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For the computer program, see SuperPrime.

Super-prime numbers (also known as "higher order primes") are the subsequence of prime numbers that occupy prime-numbered positions within the sequence of all prime numbers. The subsequence begins

3, 5, 11, 17, 31, 41, 59, 67, 83, 109, 127, 157, … (sequence A006450 in OEIS).

That is, if p(i) denotes the ith prime number, the numbers in this sequence are those of the form p(p(i)). Dressler & Parker (1975) used a computer-aided proof (based on calculations involving the subset sum problem) to show that every integer greater than 96 may be represented as a sum of distinct super-prime numbers. Their proof relies on a result resembling Bertrand's postulate, stating that (after the larger gap between super-primes 5 and 11) each super-prime number is less than twice its predecessor in the sequence.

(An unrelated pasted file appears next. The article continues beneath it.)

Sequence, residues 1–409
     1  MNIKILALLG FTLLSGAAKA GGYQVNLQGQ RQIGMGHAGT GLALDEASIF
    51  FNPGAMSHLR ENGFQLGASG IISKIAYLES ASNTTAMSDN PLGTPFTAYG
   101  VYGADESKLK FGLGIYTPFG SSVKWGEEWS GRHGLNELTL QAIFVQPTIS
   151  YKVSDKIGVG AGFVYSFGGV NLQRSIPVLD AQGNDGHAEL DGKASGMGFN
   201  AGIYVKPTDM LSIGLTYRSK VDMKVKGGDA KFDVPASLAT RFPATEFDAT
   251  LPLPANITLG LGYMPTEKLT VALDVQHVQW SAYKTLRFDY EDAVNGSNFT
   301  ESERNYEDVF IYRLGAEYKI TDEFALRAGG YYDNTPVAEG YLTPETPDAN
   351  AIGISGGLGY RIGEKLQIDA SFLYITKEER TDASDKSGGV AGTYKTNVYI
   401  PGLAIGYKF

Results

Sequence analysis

Broughan and Barnett[1] show that there are

\frac{x}{(\log x)^2}+O\left(\frac{x\log\log x}{(\log x)^3}\right)

super-primes up to x. This can be used to show that the set of all super-primes is small.

One can also define "higher-order" primeness much the same way, and obtain analogous sequences of primes. Fernandez (1999)

A variation on this theme is the sequence of prime numbers with palindromic indices, beginning with

3, 5, 11, 17, 31, 547, 739, 877, 1087, 1153, 2081, 2381, … (sequence A124173 in OEIS).


  1. ^ Kevin A. Broughan and A. Ross Barnett, On the Subsequence of Primes Having Prime Subscripts, Journal of Integer Sequences 12 (2009), article 09.2.3.

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